Meditation Versus Thinking

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The good news is that if you are capable of thinking and breathing you are capable of meditation. One way to describe meditation is as focused thinking that is consciously practiced in the present moment. Try to think about the last time you had an important decision in front of you or about some life issue you faced. You probably thought a great deal about it.

But maybe it almost seemed like your thoughts were controlling you. You may have obsessed about your issue, unable to get it out of your head. Your thoughts may have gone in all directions. You may have found yourself starting out focusing on one aspect of the problem only to drift to another. You may have left the present entirely, caught up in a future possibility and imagining yourself there, or stuck on a past event, having it replay over and over in your head.

The practice of meditation puts you back in the driver’s seat. A state of equilibrium is created between you and your thoughts where you don’t try to control them or keep them from bubbling up into your conscious awareness, but you also maintain your conscious awareness that you are an observer who can channel and direct these thoughts as you see fit. It’s kind of like surfing a wave. Your thoughts are the wave and you are the surfer. You can’t stop the wave from forming or crashing but you can expertly ride its face and you can choose if you want to surf it or wait for another.

The best way to start meditating is just by concentrating on your breathing. This practice automatically brings you into the here and now. If you are not completely present you are not meditating. When you are aware of your breathing you are aware of being alive in the present moment. Think of mindful breathing as the scales that will allow you to compose intricate and beautiful music. Without the scales composing the music is impossible. When I started walking meditation I had to consciously remind myself to breathe deeply and evenly, to concentrate on my breath as I walked. Now mindful breathing while walking is second nature to me, as natural as walking itself. You are not preoccupied with putting one foot in front of the other when you’re walking, you just do it naturally. Soon your breathing will be the same way. As soon as my feet hit the pavement my breath changes, and sometimes I don’t even realize it until a few blocks have passed. This has probably been the great paradox for me as my practice has evolved. After a while you don’t have to be mindful about being mindful. Even as I sit here typing my breathing is deep and rhythmic.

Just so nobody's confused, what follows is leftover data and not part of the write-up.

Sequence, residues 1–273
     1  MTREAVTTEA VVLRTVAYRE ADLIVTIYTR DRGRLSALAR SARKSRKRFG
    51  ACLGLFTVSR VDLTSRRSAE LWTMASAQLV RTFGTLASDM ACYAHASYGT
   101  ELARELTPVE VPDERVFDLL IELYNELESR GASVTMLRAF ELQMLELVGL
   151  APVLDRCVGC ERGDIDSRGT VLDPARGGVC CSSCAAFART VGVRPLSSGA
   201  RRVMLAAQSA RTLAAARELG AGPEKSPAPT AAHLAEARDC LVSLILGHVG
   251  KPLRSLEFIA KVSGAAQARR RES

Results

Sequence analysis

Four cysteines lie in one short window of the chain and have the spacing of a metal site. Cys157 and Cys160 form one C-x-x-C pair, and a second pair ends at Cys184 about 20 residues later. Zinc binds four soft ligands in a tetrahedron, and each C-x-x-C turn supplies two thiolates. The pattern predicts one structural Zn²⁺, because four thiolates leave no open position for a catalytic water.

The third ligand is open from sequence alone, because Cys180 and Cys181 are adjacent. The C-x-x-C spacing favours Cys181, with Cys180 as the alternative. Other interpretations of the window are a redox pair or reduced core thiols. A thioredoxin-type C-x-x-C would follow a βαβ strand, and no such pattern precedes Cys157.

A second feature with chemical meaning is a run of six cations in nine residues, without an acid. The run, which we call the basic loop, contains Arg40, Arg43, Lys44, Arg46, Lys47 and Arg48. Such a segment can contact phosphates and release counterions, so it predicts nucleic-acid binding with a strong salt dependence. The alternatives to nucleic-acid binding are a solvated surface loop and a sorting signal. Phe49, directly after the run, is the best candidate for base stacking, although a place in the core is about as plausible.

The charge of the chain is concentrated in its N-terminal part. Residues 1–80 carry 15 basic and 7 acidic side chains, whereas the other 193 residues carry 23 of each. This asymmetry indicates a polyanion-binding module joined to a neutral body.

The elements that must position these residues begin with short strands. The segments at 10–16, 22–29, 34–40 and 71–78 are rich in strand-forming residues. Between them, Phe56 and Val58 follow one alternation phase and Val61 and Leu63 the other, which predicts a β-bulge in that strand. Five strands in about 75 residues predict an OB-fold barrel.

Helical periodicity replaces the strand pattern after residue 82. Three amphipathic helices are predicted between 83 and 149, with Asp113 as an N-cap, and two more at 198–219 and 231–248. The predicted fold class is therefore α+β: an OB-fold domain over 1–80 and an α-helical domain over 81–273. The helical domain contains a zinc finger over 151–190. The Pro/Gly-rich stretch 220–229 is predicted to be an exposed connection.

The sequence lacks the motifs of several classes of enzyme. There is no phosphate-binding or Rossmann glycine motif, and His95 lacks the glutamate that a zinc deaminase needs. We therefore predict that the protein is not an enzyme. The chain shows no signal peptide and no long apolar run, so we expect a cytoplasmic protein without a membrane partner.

Once you reach a state where you are mindfully breathing all the time your thinking will take on a different quality. You inhabit each thought fully but also know you are separate from all of them. You allow a thought to arise of its own volition yet you are aware of it the moment it does and you are able to influence which direction it goes and how long it stays. Instead of a push and pull between you and your thoughts there is just mindful breathing and awareness. Many of the ideas for the articles I write bubble up to the surface while I’m mindfully walking, which is any time I walk anywhere, or when I’m lying on my mat in dead man’s pose at the end of yoga. I let them come, follow them where they lead, and mindfully consider their ramifications and possibilities. I don’t try to force anything but I also don’t let these thoughts run away from me. These paradoxes are what makes meditation meaningful and rewarding. No matter who you are or what your situation is, if you can breathe and think you can meditate.